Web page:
Jim Clark: School budgets in Nevada
August 21, 2013
Taxpayers currently face two major tax increase initiatives by K-12 education interests. Locally, the legislature passed Assembly Bill 46 which delegated to the Washoe County Commission the authority to raise our real estate taxes by a nickel per $100 assessed valuation and to raise Washoe County sales taxes by $0.25. Proceeds would be earmarked for the Washoe County Schools property maintenance, repair and replacement fund.
Statewide, the teacher union has qualified a proposal for the November 2014 ballot that would tax businesses 2 percent of their gross revenues whether or not profitable. Proceeds would be directed into Nevada's K-12 education account.
Although neither tax has been enacted yet there has been an exodus of Washoe Republican Central Committee members reregistering in the more conservative American Independent Party to protest the fact that some Republican legislators voted for AB 46.
Statewide there has been an abrupt halt in businesses moving, or even expressing interest in moving, from California to Nevada as owners wait and see whether the gross revenues tax will pass.
In an attempt to better understand the constant demands for increased taxes by K-12 education interests I recently spent some time with the Nevada Department of Education looking at budget reports.
I was struck by the fact that Nevada's school districts rely on local property taxes to pay for maintenance, repair and replacement of school buildings.
By contrast, Nevada's 31 charter schools survive and thrive solely on funds from the state for all their expenses including costs of occupancy. Charter schools have the same challenges as county schools in meeting needs of English learners and special education students. How can they do as well for less money?
The answer to this riddle recently became evident. At a recent Washoe County Commission hearing on AB 46 Commissioner Marsha Birkbigler told Washoe School Superintendent Pedro Martinez of the painful steps the county took to reduce personnel costs during the recent recession.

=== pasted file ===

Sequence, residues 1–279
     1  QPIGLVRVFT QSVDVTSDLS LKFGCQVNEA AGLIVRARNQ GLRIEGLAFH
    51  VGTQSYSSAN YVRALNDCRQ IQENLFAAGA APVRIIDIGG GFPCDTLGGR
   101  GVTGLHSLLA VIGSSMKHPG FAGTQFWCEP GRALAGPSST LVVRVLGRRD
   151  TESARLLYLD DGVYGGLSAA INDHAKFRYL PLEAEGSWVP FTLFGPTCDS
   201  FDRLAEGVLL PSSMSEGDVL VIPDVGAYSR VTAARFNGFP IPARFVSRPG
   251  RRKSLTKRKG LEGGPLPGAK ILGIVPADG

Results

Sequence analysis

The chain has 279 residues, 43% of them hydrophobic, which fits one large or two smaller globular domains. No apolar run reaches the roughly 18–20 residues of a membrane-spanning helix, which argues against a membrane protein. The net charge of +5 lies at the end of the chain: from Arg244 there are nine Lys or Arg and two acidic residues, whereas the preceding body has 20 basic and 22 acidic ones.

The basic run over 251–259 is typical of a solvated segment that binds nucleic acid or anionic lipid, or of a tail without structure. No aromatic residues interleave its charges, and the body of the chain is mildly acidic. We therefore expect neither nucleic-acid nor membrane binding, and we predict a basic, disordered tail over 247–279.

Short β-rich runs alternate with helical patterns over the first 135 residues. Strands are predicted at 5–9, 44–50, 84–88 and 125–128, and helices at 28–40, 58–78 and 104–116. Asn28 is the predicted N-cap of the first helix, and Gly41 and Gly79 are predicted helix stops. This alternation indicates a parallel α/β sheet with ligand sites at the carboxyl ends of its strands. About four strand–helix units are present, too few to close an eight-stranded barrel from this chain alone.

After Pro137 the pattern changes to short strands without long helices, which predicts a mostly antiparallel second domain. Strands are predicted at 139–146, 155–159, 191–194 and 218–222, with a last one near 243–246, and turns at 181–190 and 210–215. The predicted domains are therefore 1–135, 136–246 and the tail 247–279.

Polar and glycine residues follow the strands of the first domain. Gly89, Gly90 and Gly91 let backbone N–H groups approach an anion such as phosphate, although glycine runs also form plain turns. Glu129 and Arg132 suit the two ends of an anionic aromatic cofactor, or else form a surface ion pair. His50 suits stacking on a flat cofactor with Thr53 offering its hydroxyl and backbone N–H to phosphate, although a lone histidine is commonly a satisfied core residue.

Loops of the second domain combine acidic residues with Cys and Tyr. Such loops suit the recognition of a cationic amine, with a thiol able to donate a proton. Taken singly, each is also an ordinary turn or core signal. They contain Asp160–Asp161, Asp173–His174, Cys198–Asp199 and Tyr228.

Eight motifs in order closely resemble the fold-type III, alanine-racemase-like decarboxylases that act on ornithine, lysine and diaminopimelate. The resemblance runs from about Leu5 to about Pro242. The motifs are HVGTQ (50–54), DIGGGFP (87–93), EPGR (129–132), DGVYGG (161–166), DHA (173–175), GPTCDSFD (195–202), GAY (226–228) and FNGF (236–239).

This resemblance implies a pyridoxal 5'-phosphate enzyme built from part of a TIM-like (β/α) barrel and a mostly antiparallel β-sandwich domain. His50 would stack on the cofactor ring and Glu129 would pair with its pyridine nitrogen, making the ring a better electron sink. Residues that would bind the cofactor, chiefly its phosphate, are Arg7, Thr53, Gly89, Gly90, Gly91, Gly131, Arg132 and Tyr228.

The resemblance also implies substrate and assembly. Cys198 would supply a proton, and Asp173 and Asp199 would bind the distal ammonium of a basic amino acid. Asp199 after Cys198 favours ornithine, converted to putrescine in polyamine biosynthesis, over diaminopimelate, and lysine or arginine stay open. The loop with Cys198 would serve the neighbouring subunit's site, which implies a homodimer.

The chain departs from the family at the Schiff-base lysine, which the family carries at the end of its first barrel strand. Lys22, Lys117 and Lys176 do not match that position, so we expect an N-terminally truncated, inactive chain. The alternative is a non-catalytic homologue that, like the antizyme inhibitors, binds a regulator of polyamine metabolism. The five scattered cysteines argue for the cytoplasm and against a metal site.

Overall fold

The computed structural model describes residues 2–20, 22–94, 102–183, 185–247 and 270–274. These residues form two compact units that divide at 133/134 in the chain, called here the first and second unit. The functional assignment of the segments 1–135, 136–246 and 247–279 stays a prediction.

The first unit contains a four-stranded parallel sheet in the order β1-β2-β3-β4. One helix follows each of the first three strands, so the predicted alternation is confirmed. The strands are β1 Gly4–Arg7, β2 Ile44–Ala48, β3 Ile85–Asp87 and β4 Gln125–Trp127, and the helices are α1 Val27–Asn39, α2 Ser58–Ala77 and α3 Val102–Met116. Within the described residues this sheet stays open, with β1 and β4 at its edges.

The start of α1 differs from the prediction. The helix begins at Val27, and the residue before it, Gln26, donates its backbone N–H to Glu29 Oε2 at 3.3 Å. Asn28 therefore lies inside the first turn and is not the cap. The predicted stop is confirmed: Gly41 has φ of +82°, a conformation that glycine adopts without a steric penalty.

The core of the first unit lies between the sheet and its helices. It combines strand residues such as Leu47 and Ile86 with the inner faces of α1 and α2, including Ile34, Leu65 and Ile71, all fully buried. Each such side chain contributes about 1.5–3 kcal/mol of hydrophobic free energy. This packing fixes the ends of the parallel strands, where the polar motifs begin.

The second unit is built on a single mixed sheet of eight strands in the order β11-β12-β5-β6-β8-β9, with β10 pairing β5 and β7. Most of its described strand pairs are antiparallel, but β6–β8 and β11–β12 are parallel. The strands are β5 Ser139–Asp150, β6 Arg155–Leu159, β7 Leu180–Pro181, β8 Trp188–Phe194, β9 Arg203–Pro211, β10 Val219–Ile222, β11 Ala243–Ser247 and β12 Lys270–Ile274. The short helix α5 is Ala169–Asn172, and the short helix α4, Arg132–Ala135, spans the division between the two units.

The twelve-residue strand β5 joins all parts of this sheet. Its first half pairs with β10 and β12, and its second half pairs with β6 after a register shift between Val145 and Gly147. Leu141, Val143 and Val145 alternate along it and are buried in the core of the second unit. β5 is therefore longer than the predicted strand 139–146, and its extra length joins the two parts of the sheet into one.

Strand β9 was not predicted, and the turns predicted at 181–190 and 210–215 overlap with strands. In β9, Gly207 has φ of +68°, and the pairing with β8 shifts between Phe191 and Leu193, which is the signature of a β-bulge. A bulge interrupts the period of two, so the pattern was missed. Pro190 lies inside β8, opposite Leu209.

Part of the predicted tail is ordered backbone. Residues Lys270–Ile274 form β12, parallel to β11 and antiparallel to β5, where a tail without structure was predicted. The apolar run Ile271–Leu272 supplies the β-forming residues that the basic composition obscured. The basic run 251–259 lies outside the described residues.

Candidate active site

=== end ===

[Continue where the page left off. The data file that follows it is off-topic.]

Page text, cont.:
She asked him how many staff the school district laid off; he responded that they spent their "reserves" to avoid layoffs. She asked the ratio of teachers to total staff; he replied that of his staff of 8,000 employees 4,000 are teachers.
The answer to the riddle became clearer during a recent AB 46 debate on radio station KKOH between School Trustee Dave Aiazzi and me.
I asked him why the school district was pushing increases in local taxes to raise $20 million per year when new state education budget is $37 million per year higher than the fiscal year just ended.
His response was that the increase was already committed for teacher salaries and benefits.
Nevada charter schools don't commit money they don't have … their teachers receive one-year contracts. Charters perform the same tasks as county schools but are run by independent boards composed of citizens and teachers. They are managed like businesses.
Charter boards and administrators know that they don't have the political clout to demand tax increases as county schools are constantly doing every time they overspend.
Excesses by government employee unions flexing their political muscle have bankrupted the cities of Vallejo, Stockton and San Bernardino in California and more recently have bankrupted Detroit.
In Nevada they are choking property owners and consumers and just the threat of a tax on gross margins discourages business (and jobs) from coming to Nevada. If the initiative passes we can bid farewell to mobile enterprises such as Apple and Microsoft.
As recently reported (but not emphasized) in the Reno Gazette Journal Washoe County School District's current state budget allocation amounts to $14,789 per student, which does not include local taxes imposed to pay school debt. That should be enough to get the job done.
Jim Clark is president of Republican Advocates, and has served on the Washoe County and Nevada state GOP Central Committees. He can be reached at firstname.lastname@example.org.
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